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North Carolina Young Leader Wins Young Justice Leader Award

July 17, 2019


July 17, 2019  

Courtney McSwain 

Durham Young Leader Wins National Award for Social Justice Advocacy 


(Washington, D.C.)— Durham, North Carolina young leader Alani Rouse has won the National Juvenile Justice Network’s 2019 Young Justice Leader Award.  

Each year, the National Juvenile Justice Network (NJJN) honors individuals across the country who demonstrates dedication to reforming the justice system’s treatment of youth by advocating for the fair treatment, promoting racial equity and actively working towards the use of community-based alternatives to incarcerating kids.  

This year, for the first time, NJJN will present the Young Justice Leader Award to a young justice advocate who has shown exemplary dedication to ensuring that the justice system treats all youth fairly and with dignity. Ms. Rouse was nominated to receive the inaugural Young Justice Leader Award by the Youth Justice Project  a project of Durham’s Southern Coalition for Social Justice (SCSJ), which works to ensure equity, fairness, and justice for youth in high-quality education, juvenile, and criminal systems. 

As a member of the Youth Justice Project’s Youth Steering Committee, Ms. Rouse has demonstrated passion to lead having called for better treatment for youth in North Carolina’s jails and now serving on NJJN’s Membership Advisory Council.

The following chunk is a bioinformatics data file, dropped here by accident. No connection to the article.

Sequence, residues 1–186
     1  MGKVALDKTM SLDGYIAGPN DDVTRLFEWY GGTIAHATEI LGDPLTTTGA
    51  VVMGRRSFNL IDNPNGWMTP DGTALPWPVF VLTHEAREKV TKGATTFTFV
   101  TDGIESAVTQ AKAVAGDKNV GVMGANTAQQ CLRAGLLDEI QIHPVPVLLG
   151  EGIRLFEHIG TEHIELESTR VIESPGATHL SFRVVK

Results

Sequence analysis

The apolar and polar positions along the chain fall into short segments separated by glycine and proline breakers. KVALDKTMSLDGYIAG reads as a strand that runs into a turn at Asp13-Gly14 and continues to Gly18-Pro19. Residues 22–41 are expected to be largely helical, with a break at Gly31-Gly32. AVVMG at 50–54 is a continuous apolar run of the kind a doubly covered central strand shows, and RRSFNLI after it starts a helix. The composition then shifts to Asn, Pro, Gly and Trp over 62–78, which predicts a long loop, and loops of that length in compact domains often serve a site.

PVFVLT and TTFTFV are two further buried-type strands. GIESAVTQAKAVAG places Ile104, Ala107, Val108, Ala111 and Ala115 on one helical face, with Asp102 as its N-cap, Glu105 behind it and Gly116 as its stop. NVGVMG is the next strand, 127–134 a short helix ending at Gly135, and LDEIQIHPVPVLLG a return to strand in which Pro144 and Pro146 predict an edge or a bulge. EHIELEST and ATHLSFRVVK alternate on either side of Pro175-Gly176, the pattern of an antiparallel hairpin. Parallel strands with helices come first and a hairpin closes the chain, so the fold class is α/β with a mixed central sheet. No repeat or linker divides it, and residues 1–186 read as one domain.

“We are thrilled to honor Alani for her hard work as a young justice leader. She continues to inspire us with her ability to speak truth to power and advocate for young people in her community, many who are victims of the school-to-prison pipeline, receive discriminatory discipline or do not receive adequate support for mental health challenges,” says Sarah Bryer, Executive Director of NJJN.  

The Young Justice Leader Award will be presented to Ms. Rouse during NJJN's 2019 Forum on Tuesday, July 23rd in Washington, DC.  


The National Juvenile Justice Network (NJJN) leads a movement of state-based organizations and individuals all of whom seek to shrink our youth justice systems and transform the remainder into systems that treat youth and families with dignity and humanity. NJJN works to align all of its efforts with anti-racist principles with the understanding that structural racism is the defining factor of justice systems. NJJN comprises 53 member organizations in 43 states and the District of Columbia and fifty plus alumni of our Youth Justice Leadership Institute. NJJN is the only membership organization of state-based, youth justice advocacy groups, and individuals that addresses the full spectrum of youth justice reform issues. 

Learn more at www.njjn.org 

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